The Simple IoT uses a 64-bit ns since Unit epoch value for all timestamps.

Fault handling

Any communication medium has the potential to be disrupted (unplugged/damaged wires, one side off, etc). Devices should continue to operate and when re-connected, do the right thing.

If a MCU has a valid time (RTC, sync from SIOT, etc), it will continue operating, and when reconnected, it will send all its points to re-sync.

If a MCU powers up and has no time, it will set the time to 1970 and start operating. When it receives a valid time from the SIOT system, it will compute the time offset from the SIOT time and its own 1970 based time, index through all points, add the offset to any points with time less than 2020, and then send all points to SIOT.

When the MCU syncs time with SIOT, if the MCU time is ahead of the SIOT system, then it set its time, and look for any points with a time after present, and reset these timestamps to the present.


Status: Idea

RS485 is a half duplex, prompt response transport. SIOT periodically prompts MCU devices for new data at some configurable rate. Data is still COBS encoded so that is simple to tell where packets start/stop without needing to rely on dead space on the line.

Simple IoT also supports modbus, but the native SIOT protocol is more capable -- especially for structured data.

Addressing: TODO


Status: Idea

CAN messages are limited to 8 bytes. The J1939 Transport Protocol can be used to assemble multiple messages into a larger packet for transferring up to 1785 bytes.

Implementation notes

Both the SIOT and MCU side need to store the common set of nodes and points between the systems. This is critical as the point merge algorithm only uses an incoming point if the incoming point is newer than the one currently stored on the device. For SIOT NATS clients, we use the NodeEdge data structure:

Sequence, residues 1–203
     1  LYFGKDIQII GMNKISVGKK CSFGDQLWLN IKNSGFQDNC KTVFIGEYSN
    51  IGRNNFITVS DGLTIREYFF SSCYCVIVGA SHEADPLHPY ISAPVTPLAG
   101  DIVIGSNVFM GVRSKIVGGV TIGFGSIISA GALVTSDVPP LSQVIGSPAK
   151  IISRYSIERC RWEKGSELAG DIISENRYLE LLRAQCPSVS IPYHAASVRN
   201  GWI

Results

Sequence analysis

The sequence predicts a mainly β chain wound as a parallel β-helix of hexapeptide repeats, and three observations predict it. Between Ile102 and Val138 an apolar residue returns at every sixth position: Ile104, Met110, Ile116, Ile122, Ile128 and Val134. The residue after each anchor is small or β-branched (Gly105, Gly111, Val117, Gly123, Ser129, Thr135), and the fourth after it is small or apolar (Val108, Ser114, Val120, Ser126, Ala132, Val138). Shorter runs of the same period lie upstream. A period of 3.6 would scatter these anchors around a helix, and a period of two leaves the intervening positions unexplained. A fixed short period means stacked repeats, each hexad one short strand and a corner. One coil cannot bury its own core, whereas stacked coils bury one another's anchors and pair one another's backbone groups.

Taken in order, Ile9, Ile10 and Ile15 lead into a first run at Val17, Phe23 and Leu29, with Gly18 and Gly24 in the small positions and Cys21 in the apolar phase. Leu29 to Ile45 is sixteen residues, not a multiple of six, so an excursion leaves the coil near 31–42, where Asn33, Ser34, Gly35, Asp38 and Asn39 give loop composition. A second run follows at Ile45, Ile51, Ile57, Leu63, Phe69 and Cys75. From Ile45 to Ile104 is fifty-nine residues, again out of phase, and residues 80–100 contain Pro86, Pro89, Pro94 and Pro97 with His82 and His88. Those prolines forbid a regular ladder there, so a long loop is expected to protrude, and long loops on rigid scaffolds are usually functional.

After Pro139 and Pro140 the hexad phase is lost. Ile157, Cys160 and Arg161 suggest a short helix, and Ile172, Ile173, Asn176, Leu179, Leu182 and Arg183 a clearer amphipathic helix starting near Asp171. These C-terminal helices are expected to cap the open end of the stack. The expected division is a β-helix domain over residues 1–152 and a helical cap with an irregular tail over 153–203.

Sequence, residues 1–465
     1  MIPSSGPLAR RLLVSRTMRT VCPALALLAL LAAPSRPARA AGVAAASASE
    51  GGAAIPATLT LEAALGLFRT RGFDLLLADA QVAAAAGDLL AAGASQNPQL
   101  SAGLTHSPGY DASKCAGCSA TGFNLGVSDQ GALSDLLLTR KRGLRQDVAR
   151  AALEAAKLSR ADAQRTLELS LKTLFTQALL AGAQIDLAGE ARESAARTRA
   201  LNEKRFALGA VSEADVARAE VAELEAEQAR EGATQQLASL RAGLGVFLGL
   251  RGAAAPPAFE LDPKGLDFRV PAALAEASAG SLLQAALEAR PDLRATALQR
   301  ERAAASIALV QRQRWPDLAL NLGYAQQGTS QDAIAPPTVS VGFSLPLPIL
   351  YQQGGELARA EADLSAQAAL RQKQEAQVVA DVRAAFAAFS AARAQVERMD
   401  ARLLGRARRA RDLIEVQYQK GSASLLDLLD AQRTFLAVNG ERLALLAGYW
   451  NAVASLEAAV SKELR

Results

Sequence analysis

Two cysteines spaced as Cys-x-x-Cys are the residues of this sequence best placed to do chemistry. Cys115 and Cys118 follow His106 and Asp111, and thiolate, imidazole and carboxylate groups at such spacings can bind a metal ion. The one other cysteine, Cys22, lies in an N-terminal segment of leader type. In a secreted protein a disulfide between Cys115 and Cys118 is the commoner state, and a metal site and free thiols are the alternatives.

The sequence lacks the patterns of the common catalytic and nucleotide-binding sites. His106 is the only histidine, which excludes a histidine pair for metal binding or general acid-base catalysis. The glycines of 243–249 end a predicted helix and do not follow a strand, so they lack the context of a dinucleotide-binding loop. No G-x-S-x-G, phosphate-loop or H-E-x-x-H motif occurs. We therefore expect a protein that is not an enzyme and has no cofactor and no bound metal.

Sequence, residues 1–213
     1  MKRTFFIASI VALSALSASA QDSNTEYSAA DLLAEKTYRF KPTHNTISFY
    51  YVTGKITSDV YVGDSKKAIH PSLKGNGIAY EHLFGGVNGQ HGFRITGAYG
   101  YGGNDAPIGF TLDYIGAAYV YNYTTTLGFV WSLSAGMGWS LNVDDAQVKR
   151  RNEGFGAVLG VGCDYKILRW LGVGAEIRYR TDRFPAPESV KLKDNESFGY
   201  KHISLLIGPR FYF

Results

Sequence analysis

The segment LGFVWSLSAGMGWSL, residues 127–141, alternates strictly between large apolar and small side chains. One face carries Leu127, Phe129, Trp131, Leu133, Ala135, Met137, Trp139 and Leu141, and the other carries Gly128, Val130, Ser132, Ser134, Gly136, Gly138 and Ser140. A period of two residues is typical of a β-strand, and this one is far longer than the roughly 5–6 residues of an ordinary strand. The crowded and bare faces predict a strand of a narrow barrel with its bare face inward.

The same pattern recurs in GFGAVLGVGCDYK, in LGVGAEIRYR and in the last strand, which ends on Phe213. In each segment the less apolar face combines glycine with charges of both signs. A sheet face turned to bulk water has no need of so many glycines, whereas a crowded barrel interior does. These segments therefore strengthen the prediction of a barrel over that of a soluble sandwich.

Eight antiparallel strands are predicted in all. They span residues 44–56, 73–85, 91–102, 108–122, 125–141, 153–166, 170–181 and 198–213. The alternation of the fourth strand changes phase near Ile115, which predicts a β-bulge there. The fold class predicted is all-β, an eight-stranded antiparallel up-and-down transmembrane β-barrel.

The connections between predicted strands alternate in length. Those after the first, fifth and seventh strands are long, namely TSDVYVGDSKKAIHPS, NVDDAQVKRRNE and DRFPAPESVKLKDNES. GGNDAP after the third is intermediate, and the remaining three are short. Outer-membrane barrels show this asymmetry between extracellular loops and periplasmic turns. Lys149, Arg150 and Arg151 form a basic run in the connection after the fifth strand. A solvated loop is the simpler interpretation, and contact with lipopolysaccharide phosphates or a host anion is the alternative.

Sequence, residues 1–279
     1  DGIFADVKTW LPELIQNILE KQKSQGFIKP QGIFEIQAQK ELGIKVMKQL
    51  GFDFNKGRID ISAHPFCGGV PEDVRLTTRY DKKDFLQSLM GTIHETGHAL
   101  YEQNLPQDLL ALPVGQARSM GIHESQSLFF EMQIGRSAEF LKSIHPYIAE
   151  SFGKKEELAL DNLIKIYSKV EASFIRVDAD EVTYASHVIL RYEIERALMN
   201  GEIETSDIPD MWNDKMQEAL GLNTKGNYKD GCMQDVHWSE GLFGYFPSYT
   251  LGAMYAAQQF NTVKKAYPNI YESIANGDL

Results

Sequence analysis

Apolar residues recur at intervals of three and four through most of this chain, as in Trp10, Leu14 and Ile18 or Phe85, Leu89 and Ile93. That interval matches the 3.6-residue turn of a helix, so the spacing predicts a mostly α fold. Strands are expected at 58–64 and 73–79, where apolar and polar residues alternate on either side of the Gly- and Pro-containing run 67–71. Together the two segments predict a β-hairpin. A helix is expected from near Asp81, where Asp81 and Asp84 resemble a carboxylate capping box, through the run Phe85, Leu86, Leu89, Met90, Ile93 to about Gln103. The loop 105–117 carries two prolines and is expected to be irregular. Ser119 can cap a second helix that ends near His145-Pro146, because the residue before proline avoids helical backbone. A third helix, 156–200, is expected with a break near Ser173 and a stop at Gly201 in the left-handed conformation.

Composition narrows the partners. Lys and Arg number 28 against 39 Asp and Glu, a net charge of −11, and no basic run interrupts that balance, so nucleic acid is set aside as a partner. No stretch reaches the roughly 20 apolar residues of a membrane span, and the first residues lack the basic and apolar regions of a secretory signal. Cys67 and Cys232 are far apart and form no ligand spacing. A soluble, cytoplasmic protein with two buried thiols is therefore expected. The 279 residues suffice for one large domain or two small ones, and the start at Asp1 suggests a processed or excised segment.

type NodeEdge struct {
        ID         string
        Type       string
        Parent     string
        Points     Points
        EdgePoints Points
	Origin     string

Something similar could be done on the MCU.

If new nodes are created on the MCU, the ID must be a UUID, so that it does not conflict with any of the node IDs in the upstream SIOT system(s).

On the SIOT side, we keep a list of Nodes on the MCU and periodically check if any new Nodes have been created. If so, we send the new Nodes to the MCU. Subscriptions are set up for points and edges of all nodes, and any new points are sent to the MCU. Any points received from the MCU simply forwarded to the SIOT NATS bus.


Status: Idea

For devices that support USB Device Firmware Upgrade (DFU), SIOT provides a mechanism to do these updates. A node that specifies USB ID and file configures the process.